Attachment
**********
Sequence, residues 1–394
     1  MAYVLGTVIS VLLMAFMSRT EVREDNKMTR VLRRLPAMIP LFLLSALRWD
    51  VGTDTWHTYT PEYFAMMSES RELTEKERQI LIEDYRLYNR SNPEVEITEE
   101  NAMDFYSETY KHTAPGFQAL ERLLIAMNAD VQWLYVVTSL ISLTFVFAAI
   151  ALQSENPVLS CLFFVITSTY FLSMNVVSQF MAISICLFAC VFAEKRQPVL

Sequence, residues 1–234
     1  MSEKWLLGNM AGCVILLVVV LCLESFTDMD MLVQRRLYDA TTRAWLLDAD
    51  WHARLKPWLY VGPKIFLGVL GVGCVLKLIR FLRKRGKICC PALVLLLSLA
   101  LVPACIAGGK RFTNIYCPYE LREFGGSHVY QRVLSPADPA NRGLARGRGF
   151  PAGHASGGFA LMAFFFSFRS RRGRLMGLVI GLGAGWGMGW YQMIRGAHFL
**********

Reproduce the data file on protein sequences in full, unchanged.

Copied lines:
Sequence, residues 1–394
     1  MAYVLGTVIS VLLMAFMSRT EVREDNKMTR VLRRLPAMIP LFLLSALRWD
    51  VGTDTWHTYT PEYFAMMSES RELTEKERQI LIEDYRLYNR SNPEVEITEE
   101  NAMDFYSETY KHTAPGFQAL ERLLIAMNAD VQWLYVVTSL ISLTFVFAAI
   151  ALQSENPVLS CLFFVITSTY FLSMNVVSQF MAISICLFAC VFAEKRQPVL

Sequence, residues 1–234
     1  MSEKWLLGNM AGCVILLVVV LCLESFTDMD MLVQRRLYDA TTRAWLLDAD
    51  WHARLKPWLY VGPKIFLGVL GVGCVLKLIR FLRKRGKICC PALVLLLSLA
   101  LVPACIAGGK RFTNIYCPYE LREFGGSHVY QRVLSPADPA NRGLARGRGF
   151  PAGHASGGFA LMAFFFSFRS RRGRLMGLVI GLGAGWGMGW YQMIRGAHFL